While the new EMV technology in your credit and debit card will help protect your money, many thieves are trying to steal people's information before they receive the new card technology. Consumers know their cards are on the way, and so do fraudsters. The computer chip implemented in the cards thwarts many would-be thieves because it is extremely difficult to duplicate. Therefore, people looking to commit fraud are attempting to collect as many card numbers as possible before everyone has EMV technology.

Emails
Thieves trying to steal numbers send out emails to people who have not yet received their new credit or debit card. The emails, according to Fox affiliate Q13, appear to be sent from the card issuer and tell people that some personal information is needed before they can receive their new credit or debit card with EMV technology. Once the consumer provides the information, thieves use it to steal the person's identity.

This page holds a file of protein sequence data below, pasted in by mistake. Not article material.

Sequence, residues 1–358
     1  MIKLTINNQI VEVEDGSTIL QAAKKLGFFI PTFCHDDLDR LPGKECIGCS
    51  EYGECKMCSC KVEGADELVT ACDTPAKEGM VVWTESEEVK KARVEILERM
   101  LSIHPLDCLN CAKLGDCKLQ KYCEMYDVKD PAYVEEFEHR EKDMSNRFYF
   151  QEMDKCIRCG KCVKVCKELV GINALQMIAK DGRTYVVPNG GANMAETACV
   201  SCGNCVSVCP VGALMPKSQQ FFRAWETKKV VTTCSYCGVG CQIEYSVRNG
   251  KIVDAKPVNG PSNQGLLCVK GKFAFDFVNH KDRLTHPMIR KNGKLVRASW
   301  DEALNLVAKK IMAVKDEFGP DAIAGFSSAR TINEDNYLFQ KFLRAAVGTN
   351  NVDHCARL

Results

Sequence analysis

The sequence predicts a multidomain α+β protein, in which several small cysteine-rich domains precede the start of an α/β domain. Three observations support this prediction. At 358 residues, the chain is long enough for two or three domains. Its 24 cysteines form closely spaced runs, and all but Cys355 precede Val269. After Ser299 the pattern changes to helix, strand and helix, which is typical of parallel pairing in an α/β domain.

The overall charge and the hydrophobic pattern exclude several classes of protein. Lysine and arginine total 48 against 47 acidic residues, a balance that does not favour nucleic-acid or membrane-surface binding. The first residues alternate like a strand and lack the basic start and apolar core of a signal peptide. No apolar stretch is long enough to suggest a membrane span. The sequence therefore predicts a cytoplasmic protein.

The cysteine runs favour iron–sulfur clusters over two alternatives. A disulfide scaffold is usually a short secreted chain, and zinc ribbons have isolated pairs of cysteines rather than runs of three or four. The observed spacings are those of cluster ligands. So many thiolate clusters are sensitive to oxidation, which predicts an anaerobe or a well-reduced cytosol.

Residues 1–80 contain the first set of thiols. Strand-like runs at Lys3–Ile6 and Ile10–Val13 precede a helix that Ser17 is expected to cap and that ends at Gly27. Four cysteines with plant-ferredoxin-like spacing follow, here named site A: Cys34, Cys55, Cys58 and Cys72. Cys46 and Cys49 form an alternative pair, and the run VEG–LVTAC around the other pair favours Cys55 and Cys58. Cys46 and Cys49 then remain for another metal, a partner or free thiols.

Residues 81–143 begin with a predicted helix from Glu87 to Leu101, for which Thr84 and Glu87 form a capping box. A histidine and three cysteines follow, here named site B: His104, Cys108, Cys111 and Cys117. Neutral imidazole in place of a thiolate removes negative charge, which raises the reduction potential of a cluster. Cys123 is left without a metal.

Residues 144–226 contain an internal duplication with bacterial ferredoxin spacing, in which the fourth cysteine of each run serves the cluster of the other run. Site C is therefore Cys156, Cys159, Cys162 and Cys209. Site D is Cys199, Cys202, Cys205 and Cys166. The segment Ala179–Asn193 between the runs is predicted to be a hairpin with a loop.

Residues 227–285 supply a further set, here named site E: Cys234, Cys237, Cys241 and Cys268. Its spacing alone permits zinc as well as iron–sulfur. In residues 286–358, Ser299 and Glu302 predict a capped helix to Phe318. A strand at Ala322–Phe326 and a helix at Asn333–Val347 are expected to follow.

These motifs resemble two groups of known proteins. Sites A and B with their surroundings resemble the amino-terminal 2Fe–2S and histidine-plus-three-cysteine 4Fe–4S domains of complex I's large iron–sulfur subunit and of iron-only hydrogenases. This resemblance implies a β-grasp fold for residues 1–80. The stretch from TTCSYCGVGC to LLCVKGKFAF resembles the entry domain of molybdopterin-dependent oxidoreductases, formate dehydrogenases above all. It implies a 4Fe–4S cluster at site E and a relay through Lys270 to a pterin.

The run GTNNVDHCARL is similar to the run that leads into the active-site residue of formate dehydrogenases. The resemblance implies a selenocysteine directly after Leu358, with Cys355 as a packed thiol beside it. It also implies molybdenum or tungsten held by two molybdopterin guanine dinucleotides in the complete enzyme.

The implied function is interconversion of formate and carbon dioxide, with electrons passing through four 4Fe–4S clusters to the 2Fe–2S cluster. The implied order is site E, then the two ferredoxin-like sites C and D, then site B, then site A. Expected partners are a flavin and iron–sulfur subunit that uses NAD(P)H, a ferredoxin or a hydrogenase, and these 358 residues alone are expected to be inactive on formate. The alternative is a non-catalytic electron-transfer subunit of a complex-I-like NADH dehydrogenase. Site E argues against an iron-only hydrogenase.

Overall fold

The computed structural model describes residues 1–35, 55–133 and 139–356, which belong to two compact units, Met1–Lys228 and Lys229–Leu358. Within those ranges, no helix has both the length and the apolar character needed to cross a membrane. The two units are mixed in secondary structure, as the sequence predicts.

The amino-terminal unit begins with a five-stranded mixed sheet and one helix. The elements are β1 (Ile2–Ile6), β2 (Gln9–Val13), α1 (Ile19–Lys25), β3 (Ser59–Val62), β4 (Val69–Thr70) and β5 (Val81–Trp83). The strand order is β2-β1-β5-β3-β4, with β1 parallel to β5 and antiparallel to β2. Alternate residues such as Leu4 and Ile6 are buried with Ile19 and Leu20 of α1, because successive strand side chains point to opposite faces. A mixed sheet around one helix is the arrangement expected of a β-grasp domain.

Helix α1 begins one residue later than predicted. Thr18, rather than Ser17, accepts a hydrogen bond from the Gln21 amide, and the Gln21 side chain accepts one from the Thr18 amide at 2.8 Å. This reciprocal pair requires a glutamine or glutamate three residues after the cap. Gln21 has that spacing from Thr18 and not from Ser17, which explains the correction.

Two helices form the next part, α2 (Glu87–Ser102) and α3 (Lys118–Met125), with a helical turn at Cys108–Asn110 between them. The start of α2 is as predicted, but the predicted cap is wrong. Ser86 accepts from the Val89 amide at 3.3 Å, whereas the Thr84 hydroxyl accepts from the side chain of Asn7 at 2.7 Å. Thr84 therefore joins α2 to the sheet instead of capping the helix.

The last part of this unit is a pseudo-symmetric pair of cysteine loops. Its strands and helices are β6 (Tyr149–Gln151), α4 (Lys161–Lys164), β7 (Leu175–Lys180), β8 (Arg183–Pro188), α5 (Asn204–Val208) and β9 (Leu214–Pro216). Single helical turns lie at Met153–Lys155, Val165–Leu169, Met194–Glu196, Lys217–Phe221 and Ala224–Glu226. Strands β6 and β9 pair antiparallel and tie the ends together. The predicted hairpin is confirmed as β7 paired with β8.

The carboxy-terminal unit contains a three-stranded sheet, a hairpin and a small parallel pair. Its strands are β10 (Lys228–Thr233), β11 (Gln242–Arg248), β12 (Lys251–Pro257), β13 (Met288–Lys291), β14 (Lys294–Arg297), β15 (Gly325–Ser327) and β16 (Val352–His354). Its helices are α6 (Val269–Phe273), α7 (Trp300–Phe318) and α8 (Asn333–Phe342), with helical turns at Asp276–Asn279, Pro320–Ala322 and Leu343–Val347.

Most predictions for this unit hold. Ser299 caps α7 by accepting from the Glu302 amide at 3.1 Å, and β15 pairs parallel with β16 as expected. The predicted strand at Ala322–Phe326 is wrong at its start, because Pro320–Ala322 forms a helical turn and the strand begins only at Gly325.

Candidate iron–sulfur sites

Links to websites
Another method scammers currently use is to send an email to consumers with a message that some information has to be verified. Within the email is a link. When you click on the link you could become victim to malware, which can then pull important data off your computer.

What should you do?
If a consumer receives any suspicious emails from addresses they don't recognize, they should disregard and delete them. If a consumer feels the need to open the email, they should refrain from clicking on any links within the email. Additionally, consumers should never give out personal information unless they are 100 percent sure they're providing it to their bank or financial institution. The Federal Trade Commission advises against utilizing any unsecured websites or accounts online, according to Money Talks News.

"Only provide personal information through a company's website if you typed in the web address yourself and you see signals that the site is secure, like a URL that begins https (the "s" stands for secure)," the FTC said in a Money Talks News article. 

According to Q13, the FTC said there is no reason for card issuing companies to contact consumers by phone or email during the transition to EMV technology. However, if a consumer feels that they have received a legitimate communication from their bank or financial institution, they should go into a branch or call the number on the back of their current credit or debit card to inquire.

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